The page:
As the talent level dramatically increased in Toronto, the expectations should have changed as well. This is no longer a young team going through a rebuild where just making the playoffs is an accomplishment. This is a team of established NHL Players — All-Star level players — that should be capable of more than what they have accomplished. Not only has that not happened, but all indications were that the team was going in the wrong direction.

Last year’s Maple Leafs team won fewer games and collected fewer points than the previous year’s team despite gaining John Tavares and Jake Muzzin and getting a breakout year from Mitch Marner.

This year’s Maple Leafs team has one of the worst records in the league at the one quarter mark and has seen the once dynamic offense turn ordinary, relying on harmless point shots from defensemen.

And that doesn’t even get into the biggest issue, which was the apparent disconnect between his style and the style of the front office and roster. The Maple Leafs are built for offense, and speed, and skill, and defending by attacking and playing with the puck. Everything that came out of Babcock was always about grinding down, and defending, and you can’t score your way to a championship.

There is not any one way to win in the NHL. Some teams win with speed and skill, others win with defense. The most important thing is to play to your strength and do what you do well. The Maple Leafs are not doing that. Talk about the makeup of their defense or the way they defend all you want, but it still comes down to whether they are playing to their strengths. You can’t take a team built around John Tavares, Marner, Auston Matthews, and William Nylander and ask it to win 2-1 every night. You are wasting them by doing that and you will fail. You have to turn them loose and let them do what they do best. Babcock never seemed able or willing to trust them to do that.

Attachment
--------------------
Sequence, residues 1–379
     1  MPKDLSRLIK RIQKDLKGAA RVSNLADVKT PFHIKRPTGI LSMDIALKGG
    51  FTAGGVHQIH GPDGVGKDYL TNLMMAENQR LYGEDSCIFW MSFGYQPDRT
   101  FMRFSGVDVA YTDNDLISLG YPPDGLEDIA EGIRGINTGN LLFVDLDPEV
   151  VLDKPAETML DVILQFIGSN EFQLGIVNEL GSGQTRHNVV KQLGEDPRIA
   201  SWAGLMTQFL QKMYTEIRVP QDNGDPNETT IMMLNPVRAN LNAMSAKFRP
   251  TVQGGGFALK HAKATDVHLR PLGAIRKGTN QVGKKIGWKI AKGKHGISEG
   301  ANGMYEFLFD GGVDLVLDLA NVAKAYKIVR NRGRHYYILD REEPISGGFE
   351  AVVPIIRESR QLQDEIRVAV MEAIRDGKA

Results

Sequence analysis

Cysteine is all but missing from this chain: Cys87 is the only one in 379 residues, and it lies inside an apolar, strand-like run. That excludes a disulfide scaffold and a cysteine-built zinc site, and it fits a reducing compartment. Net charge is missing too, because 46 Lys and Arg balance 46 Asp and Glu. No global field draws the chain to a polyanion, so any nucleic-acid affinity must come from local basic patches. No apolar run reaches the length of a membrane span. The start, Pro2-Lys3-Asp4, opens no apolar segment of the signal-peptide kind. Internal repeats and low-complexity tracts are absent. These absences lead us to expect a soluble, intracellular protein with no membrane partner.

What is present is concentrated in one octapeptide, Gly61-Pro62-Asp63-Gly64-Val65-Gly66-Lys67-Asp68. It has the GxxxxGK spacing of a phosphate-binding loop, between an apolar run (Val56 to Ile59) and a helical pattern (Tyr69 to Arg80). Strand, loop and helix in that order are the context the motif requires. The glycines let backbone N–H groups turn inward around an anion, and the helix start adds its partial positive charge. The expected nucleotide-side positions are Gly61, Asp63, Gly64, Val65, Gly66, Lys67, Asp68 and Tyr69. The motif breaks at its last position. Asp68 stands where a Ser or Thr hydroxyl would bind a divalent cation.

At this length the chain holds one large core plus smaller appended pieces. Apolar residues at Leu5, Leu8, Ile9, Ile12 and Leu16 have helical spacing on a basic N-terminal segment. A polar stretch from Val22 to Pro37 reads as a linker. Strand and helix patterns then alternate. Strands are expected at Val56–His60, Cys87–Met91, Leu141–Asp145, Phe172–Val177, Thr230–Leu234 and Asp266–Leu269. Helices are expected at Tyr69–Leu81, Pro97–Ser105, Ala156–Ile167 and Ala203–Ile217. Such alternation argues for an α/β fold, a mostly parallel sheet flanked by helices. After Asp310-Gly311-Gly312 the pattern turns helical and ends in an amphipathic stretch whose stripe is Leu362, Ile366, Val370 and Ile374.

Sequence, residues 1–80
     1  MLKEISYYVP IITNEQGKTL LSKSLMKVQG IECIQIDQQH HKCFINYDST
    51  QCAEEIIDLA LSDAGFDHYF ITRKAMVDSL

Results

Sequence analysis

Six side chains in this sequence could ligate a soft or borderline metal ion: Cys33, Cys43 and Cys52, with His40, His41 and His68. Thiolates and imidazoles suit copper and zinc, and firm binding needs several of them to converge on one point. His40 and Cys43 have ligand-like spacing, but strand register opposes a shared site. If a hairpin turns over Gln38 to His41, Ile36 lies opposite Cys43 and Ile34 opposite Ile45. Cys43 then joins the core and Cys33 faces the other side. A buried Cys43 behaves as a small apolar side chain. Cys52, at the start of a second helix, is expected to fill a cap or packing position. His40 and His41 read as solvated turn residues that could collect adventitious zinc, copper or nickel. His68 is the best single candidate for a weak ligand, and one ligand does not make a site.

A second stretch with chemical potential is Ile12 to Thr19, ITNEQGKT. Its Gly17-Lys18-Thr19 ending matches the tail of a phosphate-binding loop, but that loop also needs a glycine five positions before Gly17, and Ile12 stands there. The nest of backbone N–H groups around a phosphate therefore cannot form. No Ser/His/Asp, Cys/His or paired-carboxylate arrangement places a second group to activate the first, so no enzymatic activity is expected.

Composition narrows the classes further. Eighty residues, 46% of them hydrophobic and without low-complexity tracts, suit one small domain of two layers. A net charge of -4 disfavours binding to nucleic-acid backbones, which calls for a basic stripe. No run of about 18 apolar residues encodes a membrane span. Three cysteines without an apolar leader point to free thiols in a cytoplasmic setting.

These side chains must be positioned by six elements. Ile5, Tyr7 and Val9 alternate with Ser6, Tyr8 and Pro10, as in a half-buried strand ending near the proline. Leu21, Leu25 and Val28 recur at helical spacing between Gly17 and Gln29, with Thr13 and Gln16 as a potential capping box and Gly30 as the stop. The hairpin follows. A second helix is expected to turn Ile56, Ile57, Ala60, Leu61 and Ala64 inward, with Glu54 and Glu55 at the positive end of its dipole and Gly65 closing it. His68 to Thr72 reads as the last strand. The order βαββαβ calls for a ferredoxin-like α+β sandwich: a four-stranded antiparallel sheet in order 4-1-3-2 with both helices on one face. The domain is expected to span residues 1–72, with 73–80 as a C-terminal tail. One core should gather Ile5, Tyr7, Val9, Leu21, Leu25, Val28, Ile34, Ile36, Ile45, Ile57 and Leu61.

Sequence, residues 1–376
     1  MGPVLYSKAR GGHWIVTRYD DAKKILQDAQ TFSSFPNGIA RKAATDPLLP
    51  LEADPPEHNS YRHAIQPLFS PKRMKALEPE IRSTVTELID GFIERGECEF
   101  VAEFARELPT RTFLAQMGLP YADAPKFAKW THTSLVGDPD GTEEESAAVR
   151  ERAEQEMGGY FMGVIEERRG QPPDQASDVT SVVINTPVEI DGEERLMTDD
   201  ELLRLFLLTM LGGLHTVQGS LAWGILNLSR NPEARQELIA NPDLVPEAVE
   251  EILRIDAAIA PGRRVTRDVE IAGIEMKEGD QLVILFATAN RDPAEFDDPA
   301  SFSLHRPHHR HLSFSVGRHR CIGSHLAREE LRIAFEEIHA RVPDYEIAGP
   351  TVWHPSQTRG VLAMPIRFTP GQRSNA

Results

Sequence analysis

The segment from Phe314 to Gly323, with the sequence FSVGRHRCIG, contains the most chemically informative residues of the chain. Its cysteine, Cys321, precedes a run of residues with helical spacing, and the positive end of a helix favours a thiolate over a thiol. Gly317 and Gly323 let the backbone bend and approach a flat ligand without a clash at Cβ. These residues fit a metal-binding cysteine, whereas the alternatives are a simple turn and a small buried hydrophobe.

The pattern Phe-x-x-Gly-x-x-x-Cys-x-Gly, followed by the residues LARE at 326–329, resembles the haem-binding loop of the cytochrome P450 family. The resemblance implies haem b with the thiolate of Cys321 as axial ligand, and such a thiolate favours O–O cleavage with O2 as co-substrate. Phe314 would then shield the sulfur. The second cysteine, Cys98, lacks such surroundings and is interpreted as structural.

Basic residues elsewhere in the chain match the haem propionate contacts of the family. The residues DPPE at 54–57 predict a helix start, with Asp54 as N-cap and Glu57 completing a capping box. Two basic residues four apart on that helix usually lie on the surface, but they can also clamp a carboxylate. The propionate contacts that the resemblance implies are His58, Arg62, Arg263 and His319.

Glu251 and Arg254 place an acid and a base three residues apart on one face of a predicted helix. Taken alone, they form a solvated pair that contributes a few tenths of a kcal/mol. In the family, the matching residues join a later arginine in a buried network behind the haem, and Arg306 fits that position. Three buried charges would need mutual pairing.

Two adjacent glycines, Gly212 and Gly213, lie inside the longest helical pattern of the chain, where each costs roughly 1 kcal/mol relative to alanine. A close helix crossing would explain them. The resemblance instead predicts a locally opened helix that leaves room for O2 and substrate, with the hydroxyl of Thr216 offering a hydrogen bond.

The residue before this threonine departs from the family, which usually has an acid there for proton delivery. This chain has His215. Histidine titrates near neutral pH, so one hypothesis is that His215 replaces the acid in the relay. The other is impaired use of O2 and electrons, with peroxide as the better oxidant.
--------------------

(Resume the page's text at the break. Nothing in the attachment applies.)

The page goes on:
Whether or not this sparks the Maple Leafs to turn their season around and go on a championship run like Pittsburgh in 2009 and 2016, or Los Angeles in 2012, or St. Louis in 2019 remains to be seen. But Keefe has coached many of the players in Toronto before, he has coached them to play a certain way, and he has won with them.

Now he gets a chance to do it on the biggest stage.

Maybe it works. Maybe it doesn’t. But the worst thing that happens is they fall short and underachieve, something they were already doing anyway. At least now they get to go down taking their best swings.

MORE:
Maple Leafs fire Babcock, name Keefe head coach
Where will Mike Babcock end up after Maple Leafs?

Adam Gretz is a writer for Pro Hockey Talk on NBC Sports. Drop him a line at phtblog@nbcsports.com or follow him on Twitter @AGretz.

NHL Bubble Wrap: Plenty of playoff action, including a double OT Game 1

NHL scores Bubble Wrap playoff double OT around the NHL
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  • Hey, the Bruins and Hurricanes got to play, and it went to (double) OT. And Rod Brind’Amour got really mad, and less rich.
  • Barry Trotz got … uh, the latest laugh(?) against his old team, the Capitals.